Hawaii’s Sunscreen Ingredient Ban Is On The Books; To Industry, An Affront To Science
This article was originally published in The Rose Sheet
As in the case of plastic microbeads some four years ago, the personal-care industry finds itself in the position of having to reformulate potentially on a mass scale due to environmental rather than human safety concerns. And once again the legislation was driven in large part by shoddy science, industry says.
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Proposed bills in the Aloha State would ban the sale of sunscreens containing octocrylene and/or avobenzone, adding to a UV filter blacklist that already includes oxybenzone and octinoxate. On 17 February, Hawaiian legislators elected to defer the legislation to await completion of a National Academy of Sciences study, targeted for 2022.
OTC Sunscreen Ingredients’ Environmental Impacts Likely To Be Growing Discussion, Including At US FDA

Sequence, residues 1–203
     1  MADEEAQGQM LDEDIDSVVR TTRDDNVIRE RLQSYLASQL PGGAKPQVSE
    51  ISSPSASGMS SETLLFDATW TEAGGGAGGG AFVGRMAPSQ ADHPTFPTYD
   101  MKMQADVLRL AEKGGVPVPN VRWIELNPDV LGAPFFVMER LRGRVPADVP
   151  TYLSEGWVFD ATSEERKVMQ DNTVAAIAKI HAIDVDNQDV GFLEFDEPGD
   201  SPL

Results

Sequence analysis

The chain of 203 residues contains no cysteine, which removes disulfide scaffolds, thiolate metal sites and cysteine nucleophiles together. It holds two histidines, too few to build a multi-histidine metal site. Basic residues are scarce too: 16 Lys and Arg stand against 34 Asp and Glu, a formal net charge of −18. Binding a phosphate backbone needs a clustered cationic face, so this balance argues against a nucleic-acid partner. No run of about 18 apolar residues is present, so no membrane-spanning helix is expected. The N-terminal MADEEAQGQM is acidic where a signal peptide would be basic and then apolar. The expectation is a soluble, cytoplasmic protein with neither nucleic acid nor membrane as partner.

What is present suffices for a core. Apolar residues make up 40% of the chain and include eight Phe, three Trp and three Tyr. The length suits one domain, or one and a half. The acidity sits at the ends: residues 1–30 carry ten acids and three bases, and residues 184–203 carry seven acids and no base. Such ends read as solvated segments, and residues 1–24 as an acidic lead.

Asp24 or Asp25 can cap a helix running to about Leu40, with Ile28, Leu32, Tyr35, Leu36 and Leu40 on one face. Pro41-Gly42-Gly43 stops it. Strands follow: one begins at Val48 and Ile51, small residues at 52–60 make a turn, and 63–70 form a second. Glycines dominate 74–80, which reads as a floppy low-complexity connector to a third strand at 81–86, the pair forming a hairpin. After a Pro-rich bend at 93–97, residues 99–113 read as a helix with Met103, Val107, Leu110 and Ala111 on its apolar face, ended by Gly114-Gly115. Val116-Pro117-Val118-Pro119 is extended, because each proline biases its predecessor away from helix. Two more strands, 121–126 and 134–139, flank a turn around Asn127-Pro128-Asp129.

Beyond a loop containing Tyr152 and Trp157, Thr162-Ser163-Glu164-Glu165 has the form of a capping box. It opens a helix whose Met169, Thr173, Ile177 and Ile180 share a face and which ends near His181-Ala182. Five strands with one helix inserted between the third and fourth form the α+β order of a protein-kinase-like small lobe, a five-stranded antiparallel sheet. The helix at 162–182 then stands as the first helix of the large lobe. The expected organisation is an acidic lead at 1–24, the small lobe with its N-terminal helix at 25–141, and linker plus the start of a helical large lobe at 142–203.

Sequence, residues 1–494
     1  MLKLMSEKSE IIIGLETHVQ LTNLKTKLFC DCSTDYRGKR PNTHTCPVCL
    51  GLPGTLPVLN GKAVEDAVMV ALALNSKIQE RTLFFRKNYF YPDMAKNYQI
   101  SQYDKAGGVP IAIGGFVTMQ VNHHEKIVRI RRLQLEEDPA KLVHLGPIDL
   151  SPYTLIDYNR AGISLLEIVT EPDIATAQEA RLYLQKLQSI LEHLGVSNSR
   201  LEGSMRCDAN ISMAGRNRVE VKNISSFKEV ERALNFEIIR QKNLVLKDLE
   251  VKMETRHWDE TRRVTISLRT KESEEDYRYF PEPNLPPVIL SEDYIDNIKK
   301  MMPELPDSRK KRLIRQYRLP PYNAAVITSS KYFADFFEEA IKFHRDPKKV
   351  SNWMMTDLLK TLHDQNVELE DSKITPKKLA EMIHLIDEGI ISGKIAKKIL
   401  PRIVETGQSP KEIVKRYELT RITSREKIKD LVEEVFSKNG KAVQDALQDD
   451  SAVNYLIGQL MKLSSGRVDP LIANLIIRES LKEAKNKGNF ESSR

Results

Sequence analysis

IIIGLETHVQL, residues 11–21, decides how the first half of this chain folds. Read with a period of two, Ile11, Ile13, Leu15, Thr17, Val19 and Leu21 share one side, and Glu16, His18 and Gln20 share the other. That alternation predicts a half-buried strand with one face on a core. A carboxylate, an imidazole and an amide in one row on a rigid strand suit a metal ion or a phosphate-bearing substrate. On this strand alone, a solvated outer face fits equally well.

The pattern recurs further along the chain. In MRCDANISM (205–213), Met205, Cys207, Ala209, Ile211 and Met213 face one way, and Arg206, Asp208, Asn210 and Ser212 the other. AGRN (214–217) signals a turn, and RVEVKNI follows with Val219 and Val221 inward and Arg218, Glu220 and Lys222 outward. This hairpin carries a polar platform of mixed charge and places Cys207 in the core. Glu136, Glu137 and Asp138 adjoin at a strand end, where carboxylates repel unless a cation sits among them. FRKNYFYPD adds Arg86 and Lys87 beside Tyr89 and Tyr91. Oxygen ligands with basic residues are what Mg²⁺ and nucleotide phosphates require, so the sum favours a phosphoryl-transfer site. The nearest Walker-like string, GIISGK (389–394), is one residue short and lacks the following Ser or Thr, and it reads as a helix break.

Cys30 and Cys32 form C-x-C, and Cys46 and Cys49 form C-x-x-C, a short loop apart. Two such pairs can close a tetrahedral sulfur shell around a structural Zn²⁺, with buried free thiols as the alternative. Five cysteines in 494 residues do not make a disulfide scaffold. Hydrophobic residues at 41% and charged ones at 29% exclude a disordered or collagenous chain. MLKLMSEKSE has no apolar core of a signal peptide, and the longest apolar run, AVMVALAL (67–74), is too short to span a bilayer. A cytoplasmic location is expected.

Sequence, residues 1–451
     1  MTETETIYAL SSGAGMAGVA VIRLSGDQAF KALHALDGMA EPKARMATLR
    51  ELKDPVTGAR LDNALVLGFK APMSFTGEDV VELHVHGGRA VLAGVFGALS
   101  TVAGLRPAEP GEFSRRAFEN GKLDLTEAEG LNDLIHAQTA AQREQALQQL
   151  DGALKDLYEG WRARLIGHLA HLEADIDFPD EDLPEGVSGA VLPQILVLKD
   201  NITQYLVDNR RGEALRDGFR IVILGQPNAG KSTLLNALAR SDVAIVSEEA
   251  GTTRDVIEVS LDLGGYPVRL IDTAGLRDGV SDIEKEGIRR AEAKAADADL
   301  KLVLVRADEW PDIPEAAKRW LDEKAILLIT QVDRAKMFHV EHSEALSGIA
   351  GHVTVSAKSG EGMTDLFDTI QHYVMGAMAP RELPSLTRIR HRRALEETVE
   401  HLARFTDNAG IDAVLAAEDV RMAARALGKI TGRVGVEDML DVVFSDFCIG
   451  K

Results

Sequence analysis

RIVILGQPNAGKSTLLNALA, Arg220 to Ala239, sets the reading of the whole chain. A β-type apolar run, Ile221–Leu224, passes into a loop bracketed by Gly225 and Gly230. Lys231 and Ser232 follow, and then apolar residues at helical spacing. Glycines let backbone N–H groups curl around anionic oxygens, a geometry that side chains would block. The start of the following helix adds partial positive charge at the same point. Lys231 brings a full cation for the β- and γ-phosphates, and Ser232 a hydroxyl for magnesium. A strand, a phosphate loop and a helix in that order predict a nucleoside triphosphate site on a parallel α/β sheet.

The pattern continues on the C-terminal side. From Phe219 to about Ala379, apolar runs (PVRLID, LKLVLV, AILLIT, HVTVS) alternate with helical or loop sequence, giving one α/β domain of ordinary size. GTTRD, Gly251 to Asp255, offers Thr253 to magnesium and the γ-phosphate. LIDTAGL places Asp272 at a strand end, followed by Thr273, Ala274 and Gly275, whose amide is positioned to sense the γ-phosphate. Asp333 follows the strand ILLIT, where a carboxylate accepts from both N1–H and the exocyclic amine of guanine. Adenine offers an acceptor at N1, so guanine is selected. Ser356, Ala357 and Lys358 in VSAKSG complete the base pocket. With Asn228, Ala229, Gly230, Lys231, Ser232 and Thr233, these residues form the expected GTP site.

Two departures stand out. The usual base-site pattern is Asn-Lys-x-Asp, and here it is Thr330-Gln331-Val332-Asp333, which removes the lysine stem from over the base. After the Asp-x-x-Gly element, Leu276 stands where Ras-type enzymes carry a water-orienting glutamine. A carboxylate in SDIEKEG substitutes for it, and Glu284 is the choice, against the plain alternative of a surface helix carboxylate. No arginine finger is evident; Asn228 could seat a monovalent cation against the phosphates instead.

Designating new “critical habitats” off US shores, as proposed by the National Marine Fisheries Service, would require federal agencies “to ensure that actions they plan to undertake, fund, or authorize do not destroy or adversely modify that habitat.” That could factor in the US FDA’s OTC sunscreen review program and potential follow-up on a 2018 citizen petition calling for a ban on "coral-killing" UV filters.
Headed for its second reading in the Florida House after its counterpart passed the Senate on 29 January, HB 113 would expressly preempt local regulation of OTC drugs and cosmetics. According to House analysis documents, “This nullifies the current City of Key West ordinance” banning the sale of sunscreens containing reputed coral-killing UV filters.